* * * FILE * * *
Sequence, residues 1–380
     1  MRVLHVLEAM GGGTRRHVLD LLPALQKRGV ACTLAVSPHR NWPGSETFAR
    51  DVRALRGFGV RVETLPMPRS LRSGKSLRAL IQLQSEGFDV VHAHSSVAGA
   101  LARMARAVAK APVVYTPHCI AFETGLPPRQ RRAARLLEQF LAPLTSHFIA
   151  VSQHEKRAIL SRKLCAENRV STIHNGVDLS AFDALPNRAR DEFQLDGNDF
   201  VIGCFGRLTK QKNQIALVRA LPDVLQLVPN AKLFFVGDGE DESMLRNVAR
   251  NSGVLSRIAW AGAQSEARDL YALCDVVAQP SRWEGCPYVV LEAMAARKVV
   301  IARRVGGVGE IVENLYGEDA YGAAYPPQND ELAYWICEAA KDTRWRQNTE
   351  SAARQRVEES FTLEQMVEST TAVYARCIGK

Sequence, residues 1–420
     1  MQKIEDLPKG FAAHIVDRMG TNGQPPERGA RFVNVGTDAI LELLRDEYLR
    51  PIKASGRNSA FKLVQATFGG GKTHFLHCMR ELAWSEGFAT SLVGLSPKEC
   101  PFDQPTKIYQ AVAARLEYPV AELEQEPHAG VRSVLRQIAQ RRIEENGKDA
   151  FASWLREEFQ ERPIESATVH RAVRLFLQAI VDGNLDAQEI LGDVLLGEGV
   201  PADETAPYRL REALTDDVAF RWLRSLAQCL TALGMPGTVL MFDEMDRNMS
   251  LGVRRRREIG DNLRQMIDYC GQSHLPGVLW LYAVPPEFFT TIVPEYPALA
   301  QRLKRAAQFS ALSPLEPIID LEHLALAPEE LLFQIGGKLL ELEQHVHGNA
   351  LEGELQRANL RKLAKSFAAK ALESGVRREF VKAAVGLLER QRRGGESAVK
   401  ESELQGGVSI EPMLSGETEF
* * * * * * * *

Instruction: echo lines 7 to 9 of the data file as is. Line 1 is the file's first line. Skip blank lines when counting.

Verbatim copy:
   251  NSGVLSRIAW AGAQSEARDL YALCDVVAQP SRWEGCPYVV LEAMAARKVV
   301  IARRVGGVGE IVENLYGEDA YGAAYPPQND ELAYWICEAA KDTRWRQNTE
   351  SAARQRVEES FTLEQMVEST TAVYARCIGK